January 14th: Anthony Boutard of Ayers Creek Organic Farm spoke on how to eat local and seasonally during an Oregon winter. He also discussed the barriers farmers in our climate face with getting winter product to the consumer, and passed around samples of what was fresh from his garden in mid-January. Attendance was stellar, and both the amount of the people and the noise of the brewpub were factors contributing to the location move from Hopworks Urban Brewery to Roots’ Organic Brewery’s Event Space for future events.
February 10th: Sarah Brown of Diggin’ Roots CSA Farm and Megan Fehrman of Friends of Family Farmers discussed the barriers new and beginning Oregon farmers face when trying to become viable. The event space was filled with current and future farmers, many of whom contributed to the conversation by sharing their own stories. Megan discussed FoFF’s iFarm website database for the first time, and took questions from the audience.
March 10th: We showed the film GOOD FOOD, a documentary shot in the Northwest about sustainable farming and food options, and which has since come through town on the big screen. A good discussion among the attendees after the film sparked an interest in a farming social site, so familyfarmers.ning.com was born!
April 14th: Jon Bansen of Double J Jersey Dairy in Monmouth and of Organic Valley Farmer Co-op spoke of his personal experiences transitioning from a conventional dairy to an organic dairy, and becoming part of a farmer co-op. The audience loved his slide show of the farm and cows, and his explanations of how diverse his farm has become as a result of these changes. The audience also loved the special dairy treats created by Sasafrass Catering and donated by Organic Valley Co-op.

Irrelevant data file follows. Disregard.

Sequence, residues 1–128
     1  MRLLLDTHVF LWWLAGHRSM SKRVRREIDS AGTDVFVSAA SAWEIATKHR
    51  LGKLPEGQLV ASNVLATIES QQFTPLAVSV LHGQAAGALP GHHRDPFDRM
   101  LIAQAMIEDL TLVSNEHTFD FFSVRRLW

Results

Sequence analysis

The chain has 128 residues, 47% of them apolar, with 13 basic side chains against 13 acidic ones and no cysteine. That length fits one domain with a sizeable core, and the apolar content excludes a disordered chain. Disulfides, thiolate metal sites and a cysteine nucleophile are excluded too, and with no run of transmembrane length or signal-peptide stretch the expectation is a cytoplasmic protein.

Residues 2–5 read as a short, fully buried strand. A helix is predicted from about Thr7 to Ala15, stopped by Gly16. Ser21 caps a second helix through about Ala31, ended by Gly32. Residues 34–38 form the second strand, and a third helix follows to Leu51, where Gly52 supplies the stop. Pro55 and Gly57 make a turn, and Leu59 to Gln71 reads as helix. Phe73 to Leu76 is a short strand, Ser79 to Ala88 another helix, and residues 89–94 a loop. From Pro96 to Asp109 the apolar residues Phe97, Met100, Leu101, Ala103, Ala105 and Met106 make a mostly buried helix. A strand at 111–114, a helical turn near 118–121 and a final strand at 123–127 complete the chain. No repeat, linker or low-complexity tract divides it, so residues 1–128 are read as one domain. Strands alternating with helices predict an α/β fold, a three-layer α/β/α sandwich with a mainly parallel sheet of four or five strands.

May 12: There was a big turnout to hear Val Blaha of Mossback Farms and Chrissie and Koorosh Zaerpoorof Kookoolan Farmsdiscuss their personal stories of becoming meat farmers in Oregon, and the trials and tribulations as they figured out what would make their farms viable while staying true to their philosophies and treating their animals humanely. They also talked about what avenues were available to consumers in Oregon who want to buy directly from the farmer, and what barriers Oregon farmers face when trying to get their meat to consumers. A good third of the large crowd appeared to be meat farmers, many driving several hours to attend. Farmers in attendance included: The Lee Family Farm – OK Ranch and Retreat in Bay City; Clare Clarver and Brian Marcy from Big Table Farm in Gaston; Joe Schueller of Rainshadow El Rancho in Scio; Chris Roehm from Square Peg Farm in Forest Grove; Brant and Emily fromHarmony JACK Farms in Scio; Bernard Smith and his Dad Mark from Full of Life Farm near Champoeg State Farm; Greg Schneider ofSylvan Skies Alpacas in Scio; and if there is anyone else I’ve forgotten, please email me!
June 9th: The concept of “clean” food has become an issue that eaters are thinking and talking about, due in part to recent food safety scares. It makes sense that what goes into the soil is what comes out into our food. Will Newman of OSALT discussed the concept of clean soil vs. dirty minerals from chemical fertilizers at InFARMation (and Beer!) on June 9th. He gave us a nutshell version of his two-day soil workshop and answered many questions about No-Till farming.
June 18th: We took InFARMation on the road to Ashland this month to talk about Local Meat, as this topic is huge across the state. A good turnout joined FoFF at the Stillwater Bar and Grill to hear from Ken and Susan of Rogue Valley Brambles, Suzanne Willow of of Willow Witt Ranch and Larry Martin of Martin Family Farm as they shared their personal stories of becoming meat and poultry farmers in Oregon, and the trials and tribulations as they figured out what would make their farms viable while staying true to their philosophies and treating their animals humanely. We discussed the avenues available to consumers in Oregon who want to buy directly from the farmer, and what barriers Oregon farmers face when trying to get their meat to consumers, much like our event in Portland in May.